B. If The Plaintiffs Fail To Remit The Excessive Portion Of Their Award, A Partial New Trial On The Issue Of Both Actual and Statutory Damages Will Be Necessary.

The Supreme Court has held that a partial new trial can be granted if the issue for retrial is "distinct and separable," and the new trial would not cause injustice. Gasoline Products Co. v. Champlin Refining Co., 283 U.S. 494, 500, 51 S. Ct. 513, 515, 75 L. Ed. 1188 (1931). See also Walters, 758 F.2d at 82. In the present case, a default judgment was entered on the issue of liability and a jury trial held on the issue of damages. The Court, therefore, has already put the issue of damages to a jury without having the jury consider the liability issue. At trial, the issues of liability and damages proved to be separable and distinct, and their separation did not result in injustice. The Court will therefore allow a new trial on the issue of damages alone.

The more difficult question, in this case, is whether "actual damages" under § 1692k(a) (1) and statutory damages under § 1692k(a) (2) (A) are "distinct and separable" issues. The Court concludes that they are not. Statutory damages are discretionary "additional damages," of up to $1,000. The amount a jury awards for these statutory or discretionary damages may depend on how the jury feels about its award of actual damages. For example, the jury may conclude that the actual damages suffered by the plaintiff, and paid by the defendant, do not adequately "punish" the defendant. In such a case, the jury might be inclined to award greater statutory damages. This is not the only problem with separating the issues of actual and statutory damages. When a jury awards statutory damages, the jury should consider "among other relevant factors . . . the frequency and persistence of noncompliance by the debt collector," and "the nature of such noncompliance." 15 U.S.C. § 1692k(b) (1). These factors are equally relevant when a jury considers actual damages for emotional distress. This further suggests that the two damages issues are not distinct. The Court concludes that the issues of actual and statutory damages are not "distinct and separable" and must therefore be tried together.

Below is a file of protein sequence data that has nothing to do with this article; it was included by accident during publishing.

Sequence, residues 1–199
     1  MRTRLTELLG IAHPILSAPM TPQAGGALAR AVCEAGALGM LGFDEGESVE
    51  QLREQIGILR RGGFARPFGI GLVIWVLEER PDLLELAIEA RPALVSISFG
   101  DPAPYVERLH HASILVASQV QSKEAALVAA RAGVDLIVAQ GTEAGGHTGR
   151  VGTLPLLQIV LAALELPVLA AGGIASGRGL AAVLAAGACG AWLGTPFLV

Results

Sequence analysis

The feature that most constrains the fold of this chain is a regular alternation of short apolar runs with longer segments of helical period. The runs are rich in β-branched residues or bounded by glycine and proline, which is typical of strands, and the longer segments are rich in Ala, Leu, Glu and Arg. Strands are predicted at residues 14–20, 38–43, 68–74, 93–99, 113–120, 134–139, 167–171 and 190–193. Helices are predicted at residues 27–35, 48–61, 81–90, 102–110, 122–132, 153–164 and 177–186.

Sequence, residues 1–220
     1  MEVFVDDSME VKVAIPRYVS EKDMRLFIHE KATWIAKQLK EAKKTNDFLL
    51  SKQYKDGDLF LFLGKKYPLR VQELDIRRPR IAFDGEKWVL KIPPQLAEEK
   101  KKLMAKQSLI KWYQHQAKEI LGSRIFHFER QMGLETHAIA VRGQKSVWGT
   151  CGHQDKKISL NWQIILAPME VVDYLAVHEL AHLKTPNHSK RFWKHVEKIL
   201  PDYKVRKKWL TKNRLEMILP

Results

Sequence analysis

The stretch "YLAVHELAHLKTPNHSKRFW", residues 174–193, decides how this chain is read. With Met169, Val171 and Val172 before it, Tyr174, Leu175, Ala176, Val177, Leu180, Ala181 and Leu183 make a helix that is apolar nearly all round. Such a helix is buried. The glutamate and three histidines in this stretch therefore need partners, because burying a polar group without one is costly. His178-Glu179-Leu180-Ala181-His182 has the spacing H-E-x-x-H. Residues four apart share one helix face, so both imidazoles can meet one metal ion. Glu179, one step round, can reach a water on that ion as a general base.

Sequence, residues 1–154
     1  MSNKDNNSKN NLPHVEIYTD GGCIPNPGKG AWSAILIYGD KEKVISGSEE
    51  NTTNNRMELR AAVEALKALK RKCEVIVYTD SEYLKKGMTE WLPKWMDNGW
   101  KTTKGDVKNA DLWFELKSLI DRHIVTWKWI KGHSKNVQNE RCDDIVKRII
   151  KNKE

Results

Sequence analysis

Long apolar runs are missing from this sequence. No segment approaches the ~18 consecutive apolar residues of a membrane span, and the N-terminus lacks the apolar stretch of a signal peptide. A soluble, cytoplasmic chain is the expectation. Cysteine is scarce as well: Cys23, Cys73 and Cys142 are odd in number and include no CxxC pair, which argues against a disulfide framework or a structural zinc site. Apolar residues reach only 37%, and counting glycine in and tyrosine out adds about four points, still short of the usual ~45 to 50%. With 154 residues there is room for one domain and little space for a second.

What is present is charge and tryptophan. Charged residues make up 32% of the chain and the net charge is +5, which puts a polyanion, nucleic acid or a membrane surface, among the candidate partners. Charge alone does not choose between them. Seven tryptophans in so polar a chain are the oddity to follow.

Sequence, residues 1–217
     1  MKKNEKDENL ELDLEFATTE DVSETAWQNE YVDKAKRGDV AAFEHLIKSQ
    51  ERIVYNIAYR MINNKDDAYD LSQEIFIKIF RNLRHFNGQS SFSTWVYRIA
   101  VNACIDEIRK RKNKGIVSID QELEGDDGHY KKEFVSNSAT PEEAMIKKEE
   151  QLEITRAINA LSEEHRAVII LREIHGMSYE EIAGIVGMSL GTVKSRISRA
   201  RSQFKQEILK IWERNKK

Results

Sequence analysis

The Court concludes that its jury instructions were proper, but that the evidence presented at trial cannot support an actual damage award of $15,000 for emotional distress. The jury's award is excessive and shocks the Court's conscience. The Court will therefore grant the defendant's motion for a new trial on the issue of damages, both actual and statutory, unless the plaintiffs *194 agree to remit $12,000 of their award for actual damages.


[1] Holloway v. J.B. Systems, Ltd., 609 F.2d 1069, 1074 (3d Cir.1979) ("[A]lthough the Holloways discussed this portion of the charge with the trial judge, they did not object to it or request a clarifying instruction. Accordingly, they may not contest the propriety of the charge on appeal. Fed.R.Civ.P. 51.") (footnote omitted).

[2] The "fundamental error" or "plain error" doctrine has been recognized, and applied, in other Third Circuit cases. Beardshall v. Minuteman Press International, Inc., 664 F.2d 23, 27 (3d Cir.1981) (district court committed plain error when jury instruction misstated the burden of proof required by Pennsylvania law in fraud cases; this plain error in the jury instruction is reversible error even though no objection was made at trial as required by Rule 51); Wilson v. American Chain & Cable, Co., 364 F.2d 558, 562 (3d Cir.1966) (on appeal from a negligence case where the trial court misstated the law concerning superseding causes, the court of appeals stated: "These errors in the charge are so fundamental that we must notice them on appeal, despite the plaintiff's failure to object at the time as required by rule 51."); McNello v. John B. Kelly, Inc., 283 F.2d 96, 102 (3d Cir.1960) (despite party's failure to object to jury instructions at trial as required by Rule 51, court's vague instructions were fundamental error mandating reversal).